What would a decade worth of change do? Well, the peak of caterpillar numbers would have advanced almost 8 days, the songbirds which feed on them only half that, and the sparrowhawks a mere 1 day. Over time, this would put strain on the species interactions, and would inexorably pull the species interactions apart, due to mismatches in the timing of breeding and maximum food availability. This could, in turn lead to outbreaks in caterpillar numbers, because they are being fed to fewer songbird chicks. More caterpillars would mean more of the oaks are heavily grazed, which could damage the forest structure. The ecosystem starts to unravel…

So what might these different rates among the different component species of this food web indicate? It’s difficult to be sure, but the authors have some interesting ideas.

One possibility is that the larger species, because of their longer generations, aren’t able to adapt to the changes in climate as quickly as the fast breeding species. Another is what’s termed ‘weak predictability’ — animal’s decision-making (when the birds choose to lay their clutch) is simply too far separated in time from the key selection environment (when the caterpillars peak – driven by climate warming). So they can’t react to cues because they’d have to have some window into the future (the build-up of caterpillar eggs, or perhaps the size of the previous season’s crop of grubs might do it, but this type of forecasting would take considerable time to evolve).

Or perhaps there is a strong pressure from natural selection for prey to outpace their predators by breeding earlier (since climate conditions now allow this). This would explain why the caterpillars have advanced more rapidly than the tree budburst (they trade-off having less available food because this also reduces the number of them that end up getting eaten by songbird chicks). The songbirds are probably trying to both keep up with their caterpillars and escape being eaten by sparrowhawks, and so are adapting as fast as they can (which is slower than the caterpillars, who have shorter generation times and enhanced growth rates under warmer conditions). The sparrowhawks eat many species besides songbirds, and so the pressure on them to respond to indirect changes in caterpillars and budburst is quite weak. It’s an intriguing idea.

As I’ve noted previously on BNC, the pressures faced by biodiversity are multiple and they tend to reinforce each other to make the whole situation that much worse. For instance, heatwaves and droughts tend to exacerbate forest fires, and habitat fragmentation can mean that species find it difficult to move through urban and agricultural landscapes to reach new areas that are become climatically suitable to them as the average temperature warms. They get anchored in patchy environments that become increasingly unsuitable for them over time.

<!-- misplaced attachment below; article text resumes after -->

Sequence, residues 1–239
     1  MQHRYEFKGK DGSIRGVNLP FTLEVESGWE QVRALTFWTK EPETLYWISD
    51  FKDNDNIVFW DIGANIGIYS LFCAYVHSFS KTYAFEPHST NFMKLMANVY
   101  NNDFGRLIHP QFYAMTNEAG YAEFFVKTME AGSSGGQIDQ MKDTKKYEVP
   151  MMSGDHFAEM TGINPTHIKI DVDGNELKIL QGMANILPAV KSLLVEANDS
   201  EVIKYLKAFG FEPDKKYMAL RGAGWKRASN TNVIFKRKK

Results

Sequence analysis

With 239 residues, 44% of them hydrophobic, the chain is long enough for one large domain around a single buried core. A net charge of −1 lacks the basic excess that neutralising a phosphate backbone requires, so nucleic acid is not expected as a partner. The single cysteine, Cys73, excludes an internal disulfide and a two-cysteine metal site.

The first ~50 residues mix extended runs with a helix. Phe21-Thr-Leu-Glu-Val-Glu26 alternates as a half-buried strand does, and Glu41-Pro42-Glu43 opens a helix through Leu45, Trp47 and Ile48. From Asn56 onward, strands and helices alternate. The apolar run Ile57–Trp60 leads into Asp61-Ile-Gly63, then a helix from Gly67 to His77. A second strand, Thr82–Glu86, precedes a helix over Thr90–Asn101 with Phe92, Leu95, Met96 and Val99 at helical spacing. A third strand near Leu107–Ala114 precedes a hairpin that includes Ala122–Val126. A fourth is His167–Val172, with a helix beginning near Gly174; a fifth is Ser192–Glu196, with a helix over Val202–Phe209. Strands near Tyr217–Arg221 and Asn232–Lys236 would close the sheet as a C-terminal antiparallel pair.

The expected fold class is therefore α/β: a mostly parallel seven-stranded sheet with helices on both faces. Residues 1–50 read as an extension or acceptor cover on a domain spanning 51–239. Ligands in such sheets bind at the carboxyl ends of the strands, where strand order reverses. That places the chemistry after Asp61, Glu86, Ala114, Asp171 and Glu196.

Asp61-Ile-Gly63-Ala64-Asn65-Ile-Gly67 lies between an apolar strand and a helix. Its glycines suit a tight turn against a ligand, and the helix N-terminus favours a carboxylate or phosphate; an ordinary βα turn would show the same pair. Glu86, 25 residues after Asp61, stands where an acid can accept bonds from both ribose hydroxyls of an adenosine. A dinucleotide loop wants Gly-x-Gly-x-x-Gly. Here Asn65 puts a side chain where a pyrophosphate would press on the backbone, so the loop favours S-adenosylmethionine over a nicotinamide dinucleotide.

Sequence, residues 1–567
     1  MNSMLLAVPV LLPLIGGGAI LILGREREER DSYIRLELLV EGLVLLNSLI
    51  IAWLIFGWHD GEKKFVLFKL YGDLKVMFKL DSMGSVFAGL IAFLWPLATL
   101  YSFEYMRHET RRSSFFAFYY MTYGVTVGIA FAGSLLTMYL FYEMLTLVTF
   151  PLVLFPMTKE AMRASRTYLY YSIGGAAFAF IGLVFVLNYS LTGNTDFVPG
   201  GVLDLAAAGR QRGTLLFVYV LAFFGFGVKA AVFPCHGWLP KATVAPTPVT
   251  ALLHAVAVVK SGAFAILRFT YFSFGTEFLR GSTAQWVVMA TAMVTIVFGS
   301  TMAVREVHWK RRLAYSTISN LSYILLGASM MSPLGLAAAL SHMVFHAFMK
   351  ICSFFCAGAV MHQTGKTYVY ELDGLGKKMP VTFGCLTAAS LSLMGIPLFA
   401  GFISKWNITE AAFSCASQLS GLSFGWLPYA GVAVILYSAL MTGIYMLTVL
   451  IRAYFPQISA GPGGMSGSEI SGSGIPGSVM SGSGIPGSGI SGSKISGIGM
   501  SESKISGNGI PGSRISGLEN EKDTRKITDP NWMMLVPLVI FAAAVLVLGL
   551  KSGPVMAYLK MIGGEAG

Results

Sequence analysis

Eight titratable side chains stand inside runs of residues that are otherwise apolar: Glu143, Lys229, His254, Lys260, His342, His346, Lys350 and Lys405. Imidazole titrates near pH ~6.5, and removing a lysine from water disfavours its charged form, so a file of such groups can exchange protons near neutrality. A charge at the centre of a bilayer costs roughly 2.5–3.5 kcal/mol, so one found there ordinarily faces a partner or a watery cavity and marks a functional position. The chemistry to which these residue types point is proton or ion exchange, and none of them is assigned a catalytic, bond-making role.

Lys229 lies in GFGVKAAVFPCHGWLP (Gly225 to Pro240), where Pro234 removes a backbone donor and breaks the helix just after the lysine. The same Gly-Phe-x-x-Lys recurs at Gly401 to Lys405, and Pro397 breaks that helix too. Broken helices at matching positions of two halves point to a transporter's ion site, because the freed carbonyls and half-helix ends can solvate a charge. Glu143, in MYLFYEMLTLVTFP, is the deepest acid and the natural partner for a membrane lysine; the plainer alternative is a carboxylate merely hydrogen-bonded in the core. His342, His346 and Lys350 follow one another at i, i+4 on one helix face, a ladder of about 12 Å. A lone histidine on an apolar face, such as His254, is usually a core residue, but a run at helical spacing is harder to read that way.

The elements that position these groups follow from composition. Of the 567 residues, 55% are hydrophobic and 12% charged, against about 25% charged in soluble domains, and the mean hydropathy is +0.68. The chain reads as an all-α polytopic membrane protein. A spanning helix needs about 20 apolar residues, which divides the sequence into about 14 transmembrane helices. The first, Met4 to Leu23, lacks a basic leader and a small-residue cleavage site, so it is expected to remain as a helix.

We need more studies like this, to help us better understand the variety of responses ecosystems are likely to experience under global change (climate warming and other human impacts such as deforestation and the spread of invasive species). Certainly there are still large gaps in knowledge, especially in areas such as southern hemisphere biological communities (yes, even Australia). But I suspect the answers are out there, buried in the literature and in government and research organisation databases, just waiting to be properly analysed to tease out the climate change signals. My team of postdocs and PhD students at University of Adelaide are hard at this task.

Stay tuned, I’ll certainly be reporting back here in the future about what we found!

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By Barry Brook

Barry Brook is an ARC Laureate Fellow and Chair of Environmental Sustainability at the University of Tasmania. He researches global change, ecology and energy.

10 replies on “Global warming strains at species interactions”

I’m afraid that the denialists will say that since we don’t know everything, by a leap of non-logic we therefore must know nothing.

Then, by the same logic, they then construct a great edifice of denial founded upon nothing at all. [well it must be nothing because they said so].

Thanks Barry for this and your other fascinating and informative posts.


Maybe they will just say that the extreme pressure of biodiversity merely to survive is more a function of weather rather than climate and even if AGW is happening would they not have to be currently ignoring it in the NH?